Time for N.J. to update telecommunications law for the modern era

By Star-Ledger Guest Columnist 

By Leecia Eve

In the late 1990s, the New Jersey Board of Public Utilities acted in the best interest of New Jerseyans when it started classifying as competitive certain telephone services then offered by Verizon. The Board didn't "deregulate" those services but simply acknowledged what had long been obvious; that the communications landscape had become increasingly competitive, benefitting consumers.

Classifying the services as competitive permitted Verizon – the leading technology company that proudly calls New Jersey home for its base of operations, with 15,000 employees and thousands more retirees with good benefits – to be treated in some respects like our competitors who were subject to minimal, if any, oversight by the Board.

Over the years, additional services were reclassified as competitive, including the majority of Verizon's retail mass market services, leaving the four services currently under consideration by the Board. In all cases, the Board retained its oversight, but Verizon obtained marketing and pricing flexibility that some of our competitors – none of whom call New Jersey home – had from the beginning. Opponents of the Board's efforts used misinformation and scare tactics, seeking to convey that the sky would fall if the Board acted in a way it thought best. That didn't happen. In fact, just the opposite took place.

How we communicate with each other today has been transformed. Not long ago, few owned a cell phone and what we know today as a "smartphone" didn't exist. So many of the communications services that have become central to our daily lives are 21st century innovations, including instant messaging, YouTube, Facebook, Skype and Twitter. These innovations have also been critical tools for social change. I am proud to work for a company whose unmatched ingenuity, foresight, commitment and investments (billions in New Jersey alone) in superior wireline and wireless networks have made this transformation possible.

Recognizing the changed communications landscape and to support innovation and investment, more than 30 states significantly updated their telecommunications laws and some even deregulated the industry, maintaining consumer protections but shedding laws that in some instances date back many decades. Unfortunately, New Jersey is not among them. Fortunately, however, the Board has taken positive steps that have benefitted New Jerseyans while recognizing the transformed communications landscape.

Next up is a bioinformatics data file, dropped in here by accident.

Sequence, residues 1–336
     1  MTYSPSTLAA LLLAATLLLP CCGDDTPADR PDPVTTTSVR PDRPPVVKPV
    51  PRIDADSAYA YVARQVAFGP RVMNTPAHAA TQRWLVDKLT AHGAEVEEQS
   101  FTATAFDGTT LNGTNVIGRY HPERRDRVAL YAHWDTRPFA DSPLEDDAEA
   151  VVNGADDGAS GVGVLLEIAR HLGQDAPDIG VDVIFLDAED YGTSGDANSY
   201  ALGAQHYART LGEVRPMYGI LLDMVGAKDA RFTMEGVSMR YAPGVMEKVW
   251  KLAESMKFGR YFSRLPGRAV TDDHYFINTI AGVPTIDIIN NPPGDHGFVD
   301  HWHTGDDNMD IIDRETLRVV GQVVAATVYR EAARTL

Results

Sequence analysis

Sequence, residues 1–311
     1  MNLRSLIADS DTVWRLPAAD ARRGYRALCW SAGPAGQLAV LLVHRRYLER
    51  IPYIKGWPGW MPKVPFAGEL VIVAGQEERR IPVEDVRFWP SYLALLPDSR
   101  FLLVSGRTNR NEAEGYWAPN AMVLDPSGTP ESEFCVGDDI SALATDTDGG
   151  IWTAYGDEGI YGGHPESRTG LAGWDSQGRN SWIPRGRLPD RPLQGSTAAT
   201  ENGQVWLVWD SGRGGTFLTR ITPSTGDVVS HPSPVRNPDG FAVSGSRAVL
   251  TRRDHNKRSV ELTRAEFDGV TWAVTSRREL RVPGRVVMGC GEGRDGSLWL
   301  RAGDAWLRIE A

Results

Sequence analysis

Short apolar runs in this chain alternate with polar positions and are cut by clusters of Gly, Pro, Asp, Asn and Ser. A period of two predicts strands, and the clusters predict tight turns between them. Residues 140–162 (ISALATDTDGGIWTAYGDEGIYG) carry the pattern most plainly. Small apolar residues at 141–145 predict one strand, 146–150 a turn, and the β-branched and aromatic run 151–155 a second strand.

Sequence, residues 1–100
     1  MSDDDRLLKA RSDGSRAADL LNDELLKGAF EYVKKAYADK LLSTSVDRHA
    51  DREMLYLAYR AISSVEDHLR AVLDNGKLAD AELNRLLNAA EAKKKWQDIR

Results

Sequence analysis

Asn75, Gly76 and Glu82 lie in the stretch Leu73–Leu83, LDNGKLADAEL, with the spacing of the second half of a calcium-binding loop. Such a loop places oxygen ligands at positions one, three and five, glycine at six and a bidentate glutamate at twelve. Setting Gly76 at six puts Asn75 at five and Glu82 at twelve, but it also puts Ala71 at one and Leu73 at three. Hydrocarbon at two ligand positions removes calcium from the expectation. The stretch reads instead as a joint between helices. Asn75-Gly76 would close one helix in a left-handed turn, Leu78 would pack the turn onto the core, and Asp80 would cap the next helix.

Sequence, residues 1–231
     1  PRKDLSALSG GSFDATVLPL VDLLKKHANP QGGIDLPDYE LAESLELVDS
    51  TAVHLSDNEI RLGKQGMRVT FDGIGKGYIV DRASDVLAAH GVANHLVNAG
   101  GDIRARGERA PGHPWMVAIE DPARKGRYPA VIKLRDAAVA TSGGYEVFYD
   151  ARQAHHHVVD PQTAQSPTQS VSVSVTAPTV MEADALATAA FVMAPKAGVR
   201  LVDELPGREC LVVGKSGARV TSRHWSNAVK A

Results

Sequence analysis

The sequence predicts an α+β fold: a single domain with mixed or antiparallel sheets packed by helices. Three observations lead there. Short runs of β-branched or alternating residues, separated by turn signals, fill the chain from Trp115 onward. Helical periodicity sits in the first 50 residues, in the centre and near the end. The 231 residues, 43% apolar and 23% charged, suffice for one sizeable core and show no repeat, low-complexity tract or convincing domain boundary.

The proposed stipulation the Board will consider is not deregulation. It would, however, be progress and would close a proceeding the Board commenced in 2011 that included lengthy public hearings in which the primary opponents of the stipulation participated. The record contains hundreds of pages of testimony and, when closed in 2012, was a slam dunk in support of the proposed stipulation. Today, less than 10 percent of New Jersey households purchase residential basic service and, in the last three years, residential service lines declined more than 50 percent. Transformations in the industry and in consumer choices and preferences that have taken place since 2012 only underscore the case that was made years ago.

The stipulation classifies as competitive residential basic service, single line business service, non-recurring residential installation charges and directory assistance. It does not terminate these services, but simply affords Verizon the flexibility to price them according to the competitive environment it operates in New Jersey. That's the same any employer would want in conducting its business.

Verizon would continue to be subject to service quality obligations. Rates for the four services would be capped during a five-year transition period. Lifeline service, for low-income New Jerseyans who meet eligibility requirements, will remain unchanged. Specifically, Lifeline customers will continue to pay from zero to two dollars per month for basic telephone service. These prices for Lifeline customers will remain unchanged if the board approves the stipulation.

These are the facts. Fear mongering and misleading assertions, including those by the Division of Rate Counsel, an organization funded with tax-payer dollars, are a disservice to New Jerseyans. The stipulation is smart public policy that is good for New Jersey. The board should therefore approve it.

Leecia Eve is vice president for state government affairs for New Jersey, New York and Connecticut for Verizon.